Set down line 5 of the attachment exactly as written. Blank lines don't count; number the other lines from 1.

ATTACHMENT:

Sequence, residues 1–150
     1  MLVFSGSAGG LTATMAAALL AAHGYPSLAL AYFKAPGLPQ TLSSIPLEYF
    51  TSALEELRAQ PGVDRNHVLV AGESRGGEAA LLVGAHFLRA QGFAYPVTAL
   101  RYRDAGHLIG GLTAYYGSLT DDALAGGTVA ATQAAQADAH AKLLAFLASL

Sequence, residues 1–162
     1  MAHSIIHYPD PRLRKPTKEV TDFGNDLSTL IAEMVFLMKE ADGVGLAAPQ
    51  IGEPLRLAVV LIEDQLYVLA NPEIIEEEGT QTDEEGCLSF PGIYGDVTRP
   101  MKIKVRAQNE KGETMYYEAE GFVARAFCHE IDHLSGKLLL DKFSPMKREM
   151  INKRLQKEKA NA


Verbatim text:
Sequence, residues 1–162